The US sits atop the global fintech market, outperforming rivals on several metrics. North America is the biggest fintech market, boasting close to 9,000 fintechs (8,775) – more than Europe, Africa and the Middle East put together (7,385) and almost twice as many as Asia Pacific (4,765), according to industry figures.
The US also boasts some of the biggest fintech valuations: Stripe is valued at $36bn; Robinhood ($11.2bn) and Coinbase ($8bn) while fintech investment across the U.S. reached a record high of nearly $60bn in 2019.
US hubs etched on the fintech landscape
San Francisco, New York and Atlanta are among those US hubs firmly etched on the fintech landscape, bolstered by a strong tech community; competitive landscape, a plentiful talent pool, and sometimes helpful regulation.
In these fintech hubs, companies are leading across fintechs of all categories: healthtech, insurtech, payments, wealth management, banking and crypto.
For instance, Atlanta is known as “Transaction Alley” on account of its dominance of the payment processing sector and an eye-watering 70 per cent of U.S. transactions take place across the state of Georgia.
Covid-19, meanwhile, has helped fintechs in these hubs gain market share, as investors have rewarded software-based tech companies while cities in Texas and Florida are also emerging as newer fintech hubs,
Here, the Fintech Times looks at some of the top fintech hubs in the US.
San Francisco Bay Area
San Francisco Bay Area is a mecca for startups and innovators wanting to mimic the success of unicorns like Stripe, Credit Karma and Coinbase.
Nine of the ten biggest fintech companies in the US are based in the region (Stripe, Chime, Plaid, SoFi, Credit Karma, Ripple, Coinbase, Opendoor and Robinhood).
Fintechs in the region span fintechs of all hue, from crypto (Coinbase) to insurance (SoFi) to credit monitoring (Credit Karma) to real estate (Opendoor) to payments (Stripe).
San Francisco Bay Area is a fintech ecosystem, home to accelerators and incubators from the likes of Deutsche Bank and Wells Fargo; trade associations like City Innovate and San Francisco Department of Commerce; as well as hosting global renowned events like Blockchain Expo North America.
Meanwhile, the entrepreneurs of tomorrow flock to the Fintech Club at Berkeley’s Haas School of Business, which showcases industry sectors like blockchain and payments.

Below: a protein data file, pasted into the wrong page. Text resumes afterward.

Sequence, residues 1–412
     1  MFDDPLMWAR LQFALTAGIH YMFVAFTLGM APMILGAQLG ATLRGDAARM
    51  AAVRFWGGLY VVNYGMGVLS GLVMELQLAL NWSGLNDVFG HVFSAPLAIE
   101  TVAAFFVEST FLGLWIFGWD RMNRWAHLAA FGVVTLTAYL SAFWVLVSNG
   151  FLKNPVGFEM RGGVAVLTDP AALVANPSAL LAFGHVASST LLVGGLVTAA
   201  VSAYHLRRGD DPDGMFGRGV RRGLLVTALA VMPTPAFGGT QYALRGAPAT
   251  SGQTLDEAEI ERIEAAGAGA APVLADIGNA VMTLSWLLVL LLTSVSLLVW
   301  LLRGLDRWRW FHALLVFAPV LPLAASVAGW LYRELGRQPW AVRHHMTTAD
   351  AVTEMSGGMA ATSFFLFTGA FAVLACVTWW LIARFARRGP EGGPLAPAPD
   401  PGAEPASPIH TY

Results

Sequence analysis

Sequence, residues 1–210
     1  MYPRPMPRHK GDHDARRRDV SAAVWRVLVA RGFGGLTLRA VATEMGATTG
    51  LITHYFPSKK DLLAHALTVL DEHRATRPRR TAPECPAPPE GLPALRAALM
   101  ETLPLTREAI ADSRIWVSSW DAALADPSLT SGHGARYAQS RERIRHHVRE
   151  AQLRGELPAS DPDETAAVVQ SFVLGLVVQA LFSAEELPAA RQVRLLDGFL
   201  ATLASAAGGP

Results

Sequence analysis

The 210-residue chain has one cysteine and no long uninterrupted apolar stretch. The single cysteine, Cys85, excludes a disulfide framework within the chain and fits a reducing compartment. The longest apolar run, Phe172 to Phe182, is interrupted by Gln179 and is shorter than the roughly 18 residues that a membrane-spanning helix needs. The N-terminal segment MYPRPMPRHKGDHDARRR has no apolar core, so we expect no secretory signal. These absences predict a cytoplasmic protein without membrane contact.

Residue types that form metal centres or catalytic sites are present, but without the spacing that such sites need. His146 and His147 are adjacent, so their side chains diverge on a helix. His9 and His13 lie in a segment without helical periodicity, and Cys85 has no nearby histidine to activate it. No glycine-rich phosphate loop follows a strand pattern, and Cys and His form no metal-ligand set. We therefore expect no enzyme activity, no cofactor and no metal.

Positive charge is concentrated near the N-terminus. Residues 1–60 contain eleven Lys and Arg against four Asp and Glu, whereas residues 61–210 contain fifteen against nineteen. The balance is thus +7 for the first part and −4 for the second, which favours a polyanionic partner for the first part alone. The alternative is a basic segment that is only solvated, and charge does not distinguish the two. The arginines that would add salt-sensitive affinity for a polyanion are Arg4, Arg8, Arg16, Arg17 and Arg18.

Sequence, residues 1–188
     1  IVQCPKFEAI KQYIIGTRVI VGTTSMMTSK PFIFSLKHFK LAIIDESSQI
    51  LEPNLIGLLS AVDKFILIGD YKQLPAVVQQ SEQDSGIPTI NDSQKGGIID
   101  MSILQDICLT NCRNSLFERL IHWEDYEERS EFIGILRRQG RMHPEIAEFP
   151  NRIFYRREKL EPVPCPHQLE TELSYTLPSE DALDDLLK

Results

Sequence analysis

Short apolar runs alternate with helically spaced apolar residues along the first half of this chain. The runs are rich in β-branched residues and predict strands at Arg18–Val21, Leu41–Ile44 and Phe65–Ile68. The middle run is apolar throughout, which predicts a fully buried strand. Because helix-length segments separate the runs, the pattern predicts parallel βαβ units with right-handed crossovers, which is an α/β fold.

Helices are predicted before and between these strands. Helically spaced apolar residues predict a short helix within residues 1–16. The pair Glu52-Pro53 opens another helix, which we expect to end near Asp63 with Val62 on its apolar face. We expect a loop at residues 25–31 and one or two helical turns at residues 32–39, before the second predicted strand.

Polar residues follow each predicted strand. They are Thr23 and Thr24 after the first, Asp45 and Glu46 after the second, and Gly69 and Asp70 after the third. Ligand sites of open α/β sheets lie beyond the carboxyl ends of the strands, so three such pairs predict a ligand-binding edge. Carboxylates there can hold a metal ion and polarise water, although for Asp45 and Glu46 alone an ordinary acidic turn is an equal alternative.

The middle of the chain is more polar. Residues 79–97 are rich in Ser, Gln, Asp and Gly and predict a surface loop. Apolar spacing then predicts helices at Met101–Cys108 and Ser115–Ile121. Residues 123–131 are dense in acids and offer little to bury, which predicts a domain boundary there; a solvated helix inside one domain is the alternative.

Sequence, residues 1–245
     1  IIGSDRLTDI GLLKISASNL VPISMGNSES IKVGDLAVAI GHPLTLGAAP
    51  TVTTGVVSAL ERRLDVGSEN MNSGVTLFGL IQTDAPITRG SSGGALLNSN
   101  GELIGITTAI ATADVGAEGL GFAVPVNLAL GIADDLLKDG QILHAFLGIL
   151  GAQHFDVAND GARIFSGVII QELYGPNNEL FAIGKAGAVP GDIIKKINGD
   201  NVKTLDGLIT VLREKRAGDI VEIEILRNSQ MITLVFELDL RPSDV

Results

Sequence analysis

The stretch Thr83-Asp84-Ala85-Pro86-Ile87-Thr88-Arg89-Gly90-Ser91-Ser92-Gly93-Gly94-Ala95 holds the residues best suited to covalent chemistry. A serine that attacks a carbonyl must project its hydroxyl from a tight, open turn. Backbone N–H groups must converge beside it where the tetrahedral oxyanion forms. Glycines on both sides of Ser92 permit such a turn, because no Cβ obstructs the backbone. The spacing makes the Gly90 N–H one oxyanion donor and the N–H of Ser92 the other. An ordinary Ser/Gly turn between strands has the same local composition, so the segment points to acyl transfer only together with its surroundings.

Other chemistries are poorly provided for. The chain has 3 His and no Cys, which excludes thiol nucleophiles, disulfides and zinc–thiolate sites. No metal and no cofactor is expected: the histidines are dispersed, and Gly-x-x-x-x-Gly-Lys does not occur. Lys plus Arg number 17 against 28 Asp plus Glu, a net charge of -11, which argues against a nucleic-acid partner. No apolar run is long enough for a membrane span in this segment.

Case study: Varo
Alex Woie, head of strategic communications, says the neobank is based on the area largely because of the “talent pool” and “access to capital”.
Varo is located near to traditional banks, like Charles Schwab and Wells Fargo. Woie said: ‘We have benefited immensely from being within this financial services hub- particularly from a talent perspective.”
On affordable rent space, Woie says Covid-19 has had a “fairly profound” impact on real estate prices for prime locations. “Many major employers are continuing to grow in the Bay Area, but with more flexible arrangements, which may not require the same ramp-up in space as before.”
One advantage to being located in the Bay Area, says Woie, is “benefiting from meetups and networking events” while the principal downside is the cost of acquiring talent and office space.
Like San Francisco, New York is a thriving fintech hub, spanning digital wealth, crypto, lending and B2B fintech, amongst other areas.
New York has also been dubbed the “insurtech capital of the world”, due to the cluster of insurance companies, investors and tech talent in the area. Leading the insurance charge in New York are Lemonade and Oscar while other notable fintechs based in New York include Betterment (robo-advising), Forter (fraud protection), Petal (credit) and Stash (micro-investing).
Incubators and accelerators in New York include TechStars and Citi Innovation Labs while NYU and Columbia Business School offer courses in financial services.
The city’s strict regulation of cryptocurrency seems to be softening, with the June announcement that conditional “Bitlicenses” could be issued to startups partnered with licensed entities. Paypal was the first to receive a conditional Bitlicense in October.
Case study: Lemonade
A spokesperson for Lemonade said it opted to be based in New York as it wanted to work “hand in glove” with New York regulators and the state legal system, which it cites as being “one of the most exacting” in the world.